(Reuters) - Energy Future Holdings Corp, the biggest power company in Texas, won a ruling on Wednesday in a $431 million dispute with its noteholders that should bolster its plans for emerging from bankruptcy.
The ruling denied noteholders an avenue to collect a “make-whole” payment from a unit of Energy Future for redeeming securities early. The opinion is also one of the first by a judge in the busy U.S. Bankruptcy Court in Wilmington, Delaware, in an area that has become hotly contested in corporate restructurings.
A make-whole provision is meant to protect a bondholder with a long term investment horizon from being forced into an early redemption of a high-yielding security. Bondholders have become increasingly willing to fight for the make-whole payments in recent corporate bankruptcies because there are few other high-yield investments.
In the case of Energy Future, the power company redeemed first-lien notes after it filed for bankruptcy in April 2014, and some noteholders sued for the make-whole payment.
In his 39-page ruling, Judge Christopher Sontchi determined that the harm to noteholders in allowing them to pursue the make-whole payment did not outweigh the harm to Energy Future. He said a ruling in favor of the noteholders could have exposed the company to similar claims from other creditors and the cost could have run to approximately $900 million.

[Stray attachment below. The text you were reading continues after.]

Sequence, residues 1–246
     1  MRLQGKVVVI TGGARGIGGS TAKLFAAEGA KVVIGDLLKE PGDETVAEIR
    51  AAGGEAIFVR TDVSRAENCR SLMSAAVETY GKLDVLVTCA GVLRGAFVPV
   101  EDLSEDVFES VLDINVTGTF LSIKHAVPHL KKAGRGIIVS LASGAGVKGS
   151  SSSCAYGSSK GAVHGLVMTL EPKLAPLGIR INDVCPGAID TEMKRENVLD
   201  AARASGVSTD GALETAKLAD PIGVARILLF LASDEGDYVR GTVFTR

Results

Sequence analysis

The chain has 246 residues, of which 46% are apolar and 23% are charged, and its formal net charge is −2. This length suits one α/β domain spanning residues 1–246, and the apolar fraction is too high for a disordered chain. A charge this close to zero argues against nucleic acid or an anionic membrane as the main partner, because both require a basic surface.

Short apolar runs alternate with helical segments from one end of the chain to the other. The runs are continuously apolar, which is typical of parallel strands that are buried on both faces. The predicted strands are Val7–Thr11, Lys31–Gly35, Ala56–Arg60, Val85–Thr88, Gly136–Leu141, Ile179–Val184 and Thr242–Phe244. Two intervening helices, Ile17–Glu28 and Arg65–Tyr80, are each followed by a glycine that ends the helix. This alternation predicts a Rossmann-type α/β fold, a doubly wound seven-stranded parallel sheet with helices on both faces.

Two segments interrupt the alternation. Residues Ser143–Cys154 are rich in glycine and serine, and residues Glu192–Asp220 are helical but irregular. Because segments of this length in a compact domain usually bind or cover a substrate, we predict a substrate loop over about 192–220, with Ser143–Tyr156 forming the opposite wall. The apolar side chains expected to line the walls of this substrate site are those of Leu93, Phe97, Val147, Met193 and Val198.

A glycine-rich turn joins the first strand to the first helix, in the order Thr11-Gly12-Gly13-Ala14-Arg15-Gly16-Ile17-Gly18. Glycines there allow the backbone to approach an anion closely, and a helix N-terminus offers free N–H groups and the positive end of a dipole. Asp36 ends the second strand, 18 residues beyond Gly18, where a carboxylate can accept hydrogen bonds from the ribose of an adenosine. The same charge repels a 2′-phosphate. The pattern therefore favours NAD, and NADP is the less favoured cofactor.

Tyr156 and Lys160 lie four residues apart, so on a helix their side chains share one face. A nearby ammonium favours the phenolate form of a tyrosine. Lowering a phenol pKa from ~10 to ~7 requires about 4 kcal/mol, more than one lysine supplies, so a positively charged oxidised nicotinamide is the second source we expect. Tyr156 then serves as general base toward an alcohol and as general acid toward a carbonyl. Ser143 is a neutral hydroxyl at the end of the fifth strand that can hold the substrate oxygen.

The ruling is the second from Sontchi in the dispute. He found in March that Energy Future’s bankruptcy filing triggered an automatic acceleration of the debt, meaning it was not an optional redemption that required a make-whole payment.
In response, the noteholders sought to rescind the automatic acceleration retroactively, which they argued would render the redemption of their debt optional and would require the make-whole payment.
To do that, however, they needed Sontchi to lift the automatic stay of bankruptcy, which on Wednesday he declined to do.
Energy Future has proposed a reorganization plan backed by some creditors, with hopes that it can emerge from Chapter 11 in about a year.
The company’s bankruptcy plans have been strenuously opposed by a group of junior creditors, who are pushing their own proposal to convert part of the company’s power distribution business into a real estate investment trust.
Energy Future was formed after the 2007 record buyout of TXU Corp led by KKR & Co, TPG Capital Management and the private equity arm of Goldman Sachs.